Blogtable Archive

Blogtable: Is LeBron James one of top 5 greatest players ever?

Each week, we ask our stable of scribes across the globe to weigh in on the most important NBA topics of the day.


Clippers coach Doc Rivers said LeBron James is “one of the top five players to ever play the game.” What say you?


Steve Aschburner: My first reaction when I heard that was to check the Clippers’ schedule. I assumed they were about to face Cleveland and Doc, ever wily, was trying to schmooze LeBron into non-lethal mode via flattery. But then I saw they don’t clash for another month and absorbed Rivers’ comments. He’s right, of course. LeBron probably was top five before last season’s Finals, but he solidified it with his MVP work in the Cavaliers’ remarkable comeback from 3-1. I have Michael Jordan and Wilt Chamberlain as my Nos. 1 and 2, in that order, and Kareem Abdul-Jabbar holds one of the next three spots. But that still leaves room for James and one other (probably Magic Johnson).

Fran Blinebury: Yes. At this point, the only folks who would disagree are those who have “baked-in” opinions on either of the presidential candidates. To them, James could end hunger, engineer world peace and bring Tupac back to life and they’d complain about those losses in The Finals. Time to pack in the grudges. He’s lived up to the hype. Wilt Chamberlain, Michael Jordan, Larry Bird, Oscar Robertson and LeBron. It pains me to bump Magic Johnson.

Scott Howard-Cooper: Sure. There’s no wrong answer. But LeBron has been great enough for long enough, has delivered championships, has been brilliant on offense and starred on defense that he needs to be in the conversation, even for the people who don’t put him top five yet. If someone wants to say six of seven, fine as well.

Shaun Powell: I say Doc Rivers is wrong right now, and might be right when LeBron is done and we can judge King James appropriately. Doc and I and you and many others somehow feel compelled to rank players we’ve never seen (my basketball memory begins with Larry Bird and Magic Johnson). Again, it’s so tough to judge eras and so these top-5 and top-10 lists are tricky. Anyway, give me the game-changers (Wilt Chamberlain, Michael Jordan, Magic Johnson) and the championship king (Bill Russell) and the greatest basketball player of all time from womb-to-rocking chair (Kareem Abdul-Jabbar). For now.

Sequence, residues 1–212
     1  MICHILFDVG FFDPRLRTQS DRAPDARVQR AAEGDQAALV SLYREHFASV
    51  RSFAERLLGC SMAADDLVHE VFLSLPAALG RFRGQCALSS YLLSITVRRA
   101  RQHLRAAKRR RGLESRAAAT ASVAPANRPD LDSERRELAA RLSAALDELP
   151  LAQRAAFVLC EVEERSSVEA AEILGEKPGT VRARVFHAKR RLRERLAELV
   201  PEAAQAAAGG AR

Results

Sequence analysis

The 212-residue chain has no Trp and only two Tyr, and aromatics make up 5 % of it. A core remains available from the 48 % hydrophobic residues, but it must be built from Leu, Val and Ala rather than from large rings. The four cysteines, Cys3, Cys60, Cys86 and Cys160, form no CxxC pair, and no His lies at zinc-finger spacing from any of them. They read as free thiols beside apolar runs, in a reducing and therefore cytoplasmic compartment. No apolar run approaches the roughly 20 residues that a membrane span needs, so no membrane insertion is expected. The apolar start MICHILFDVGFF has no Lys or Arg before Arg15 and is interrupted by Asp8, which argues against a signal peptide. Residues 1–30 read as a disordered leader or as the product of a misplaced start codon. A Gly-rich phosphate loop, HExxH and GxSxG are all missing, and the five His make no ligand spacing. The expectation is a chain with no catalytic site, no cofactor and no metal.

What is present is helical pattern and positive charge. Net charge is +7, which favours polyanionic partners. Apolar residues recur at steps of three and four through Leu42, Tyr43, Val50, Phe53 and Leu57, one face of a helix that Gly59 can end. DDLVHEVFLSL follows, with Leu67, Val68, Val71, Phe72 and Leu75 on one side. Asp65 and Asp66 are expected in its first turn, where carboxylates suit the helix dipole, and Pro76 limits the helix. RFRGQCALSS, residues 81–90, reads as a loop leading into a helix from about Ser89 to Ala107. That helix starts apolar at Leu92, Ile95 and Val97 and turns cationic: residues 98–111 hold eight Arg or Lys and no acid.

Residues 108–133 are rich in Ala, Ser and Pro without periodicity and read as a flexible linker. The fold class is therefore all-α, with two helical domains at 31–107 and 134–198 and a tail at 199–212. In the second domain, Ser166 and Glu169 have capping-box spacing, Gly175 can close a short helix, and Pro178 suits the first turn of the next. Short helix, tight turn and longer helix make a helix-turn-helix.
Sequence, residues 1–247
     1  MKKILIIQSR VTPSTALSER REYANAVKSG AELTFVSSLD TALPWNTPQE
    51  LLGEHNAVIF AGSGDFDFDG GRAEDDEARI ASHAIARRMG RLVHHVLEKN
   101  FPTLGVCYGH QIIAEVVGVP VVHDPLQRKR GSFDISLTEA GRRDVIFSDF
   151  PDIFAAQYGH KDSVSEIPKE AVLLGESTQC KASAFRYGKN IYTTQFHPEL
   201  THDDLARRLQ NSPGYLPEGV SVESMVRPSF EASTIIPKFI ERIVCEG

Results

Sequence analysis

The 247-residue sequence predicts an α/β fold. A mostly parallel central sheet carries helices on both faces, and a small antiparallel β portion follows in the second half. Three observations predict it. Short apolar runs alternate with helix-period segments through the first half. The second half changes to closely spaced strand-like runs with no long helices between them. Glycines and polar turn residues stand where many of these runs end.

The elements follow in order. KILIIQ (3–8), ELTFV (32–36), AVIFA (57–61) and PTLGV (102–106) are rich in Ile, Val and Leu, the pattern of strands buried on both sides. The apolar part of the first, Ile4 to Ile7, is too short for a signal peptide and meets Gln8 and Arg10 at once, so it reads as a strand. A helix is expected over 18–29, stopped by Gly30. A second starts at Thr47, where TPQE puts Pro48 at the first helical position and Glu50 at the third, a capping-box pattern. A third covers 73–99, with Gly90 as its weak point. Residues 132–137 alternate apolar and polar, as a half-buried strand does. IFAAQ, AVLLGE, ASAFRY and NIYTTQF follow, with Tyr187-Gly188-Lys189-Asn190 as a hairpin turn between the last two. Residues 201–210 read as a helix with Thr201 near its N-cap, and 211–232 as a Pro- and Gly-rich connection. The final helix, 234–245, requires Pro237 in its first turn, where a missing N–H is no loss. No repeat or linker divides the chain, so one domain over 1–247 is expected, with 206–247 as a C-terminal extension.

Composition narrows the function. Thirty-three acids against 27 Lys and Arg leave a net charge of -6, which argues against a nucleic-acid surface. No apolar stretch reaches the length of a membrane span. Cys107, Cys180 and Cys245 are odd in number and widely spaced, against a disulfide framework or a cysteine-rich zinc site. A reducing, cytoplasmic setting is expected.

John Schuhmann: I agree. He has an unprecedented combination of size, athleticism and skill. And with six straight trips to The Finals (seven overall) in a 30-team league, he also has the resume.

Sekou Smith: I cringed when I first heard the audio of Doc’s comments because I think he’s spot on, and that means someone has to come out of my previous top five to make room for LeBron. That first five has been locked in for so long that you hate to move someone off the list. That said, LeBron’s case for top-five status is sturdy. If you go with Magic Johnson and Michael Jordan in the backcourt, Kareem Abdul- Jabbar and Bill Russell up front that small forward spot has to be LeBron’s position now. The second five is wicked, of course and filled with one-name wonders (Wilt Chamberlain, Oscar Robertson, Larry Bird, Hakeem Olajuwon and Kobe Bryant), but LeBron has earned his top five nod.

Ian Thomsen: By the time he’s done, there will be no doubt of it. If he retired today then it would be harder to convince those of us who say that the tiebreaker In this highest of categories comes down to the number of championships. But LeBron’s passion for the game and the versatility that will enable him to adapt his style of play as he ages are going to enable him to contend for championships for as far as we can project.

Lang Whitaker: Doc is right. To me, LeBron is not only the most dominant player in the NBA today, but he’s the best passer as well. He can score, he can stop anybody one-on-one, and he can beat anybody one-on-one, and he can set up his teammates, too. I don’t know what metric we’re using to rank the all-timers, but no matter what we’re using, LeBron’s one of the five best players to ever play the game.

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